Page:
On Thursday, former homicide detective James Warner Wallace was invited to campus by Ratio Christi—Latin for Reasons for Christ—to present “The Moral Evidence for God,” in the Ohio Union.
Twenty-two years ago, Wallace began investigating the Bible using his training in forensic statement analysis. A former atheist, he expected to disprove the Christian faith, but he couldn’t.
Wallace has been featured on television numerous times for his previous cases, Including appearances on NBC’s “Dateline” — more than any other detective in the show’s history — and “20/20.”
Wallace, who is now retired, translated his expertise in the field of forensics into apologetics—the study of justifying beliefs—after studying the Bible and attending seminary school.
Wallace began with an illustration of a fictional homicide crime scene, using a visual presentation. and walked through how to solve the case.
He said similar to looking beyond the crime scene to find the murderer, to find the source of the universe, one has to look beyond the universe.
“We are looking for the cause of all space, time and matter,” Wallace said. “It has to be something that’s not made of space, time or matter because that wasn’t available until the universe came into existence.”
Wallace argued that morality is objective, not based on individual opinion, and we all have moral obligation to people.
“Who is the transcend moral person to whom we are feeling obligated? If it’s just physics, then why do we have moral obligation? We might have moral truths, but obligations require persons.”
Wallace followed different lines of arguments on existential questions of the reality of agency, eternity and evil. He presented his rationale behind why it is important to ask if God exists and why he believes God does exist.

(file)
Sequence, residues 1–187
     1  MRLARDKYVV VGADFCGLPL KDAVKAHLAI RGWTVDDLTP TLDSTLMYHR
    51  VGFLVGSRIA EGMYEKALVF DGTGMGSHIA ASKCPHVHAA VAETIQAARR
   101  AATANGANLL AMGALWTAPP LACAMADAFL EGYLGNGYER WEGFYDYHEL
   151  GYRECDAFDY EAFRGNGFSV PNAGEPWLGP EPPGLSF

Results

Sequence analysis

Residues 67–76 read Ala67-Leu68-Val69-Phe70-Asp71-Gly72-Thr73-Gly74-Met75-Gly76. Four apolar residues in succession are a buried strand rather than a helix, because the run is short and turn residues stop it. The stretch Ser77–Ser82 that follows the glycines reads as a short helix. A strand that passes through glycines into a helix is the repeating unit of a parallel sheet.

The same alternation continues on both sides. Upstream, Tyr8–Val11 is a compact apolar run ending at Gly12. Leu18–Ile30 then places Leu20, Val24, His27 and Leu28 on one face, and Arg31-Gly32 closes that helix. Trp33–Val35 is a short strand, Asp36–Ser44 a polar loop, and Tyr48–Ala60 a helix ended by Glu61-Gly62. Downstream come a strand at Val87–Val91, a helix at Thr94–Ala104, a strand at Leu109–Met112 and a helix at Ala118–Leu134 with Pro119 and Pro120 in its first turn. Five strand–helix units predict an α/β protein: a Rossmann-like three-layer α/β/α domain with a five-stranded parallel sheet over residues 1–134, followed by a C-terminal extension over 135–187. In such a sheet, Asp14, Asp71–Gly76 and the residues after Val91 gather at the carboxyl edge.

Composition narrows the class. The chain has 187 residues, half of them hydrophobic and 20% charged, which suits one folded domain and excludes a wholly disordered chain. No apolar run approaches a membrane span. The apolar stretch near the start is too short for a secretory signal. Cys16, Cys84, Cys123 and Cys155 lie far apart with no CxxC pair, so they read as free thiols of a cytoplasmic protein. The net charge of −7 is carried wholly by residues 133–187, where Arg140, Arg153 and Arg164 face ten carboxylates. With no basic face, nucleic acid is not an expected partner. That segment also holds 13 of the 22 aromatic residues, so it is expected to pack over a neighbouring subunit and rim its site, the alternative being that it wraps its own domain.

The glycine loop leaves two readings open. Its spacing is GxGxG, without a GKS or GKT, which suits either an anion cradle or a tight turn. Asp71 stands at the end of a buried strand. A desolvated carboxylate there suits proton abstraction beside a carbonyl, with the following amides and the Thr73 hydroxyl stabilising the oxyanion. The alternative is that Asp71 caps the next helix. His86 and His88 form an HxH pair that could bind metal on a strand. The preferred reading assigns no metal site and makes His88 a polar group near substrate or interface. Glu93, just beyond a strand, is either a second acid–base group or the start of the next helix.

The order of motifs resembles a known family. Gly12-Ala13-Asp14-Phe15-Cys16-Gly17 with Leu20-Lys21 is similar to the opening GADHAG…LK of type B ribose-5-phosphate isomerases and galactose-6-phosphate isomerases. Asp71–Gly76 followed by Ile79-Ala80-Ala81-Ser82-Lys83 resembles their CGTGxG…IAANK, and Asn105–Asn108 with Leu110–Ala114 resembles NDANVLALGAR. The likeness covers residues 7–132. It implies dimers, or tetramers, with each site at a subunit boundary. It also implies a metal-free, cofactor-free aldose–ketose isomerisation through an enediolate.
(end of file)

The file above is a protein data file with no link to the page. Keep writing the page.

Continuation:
“I’ve got a conclusion that I’ve drawn from the facts, and I’m willing to share that. But at the same time, I did not believe that any of what I’m talking about tonight, I didn’t believe that God existed at all at 35,” Wallace said.. “So I try to remember that when I’m talking to this group.”
Although a Christian, Wallace did not focus the presentation on defending the Bible. He said he wanted to remain neutral and allow people to make their own conclusions.
The presentation ended in a Q&A and Wallace answered several questions from both skeptics and believers of his philosophy.
Wallace, an in-demand speaker, said he enjoys speaking to college students because of their diversity in thought and their willingness to explore.
Mitchell Walker, a third-year in physics and president of Ratio Christi, said he hopes Wallace’s lecture will help spark discussions around campus.
“I’m hoping that people have the opportunity to accept [the moral argument] or reject it,” Walker said. “I hope that this starts conversations about it on campus.”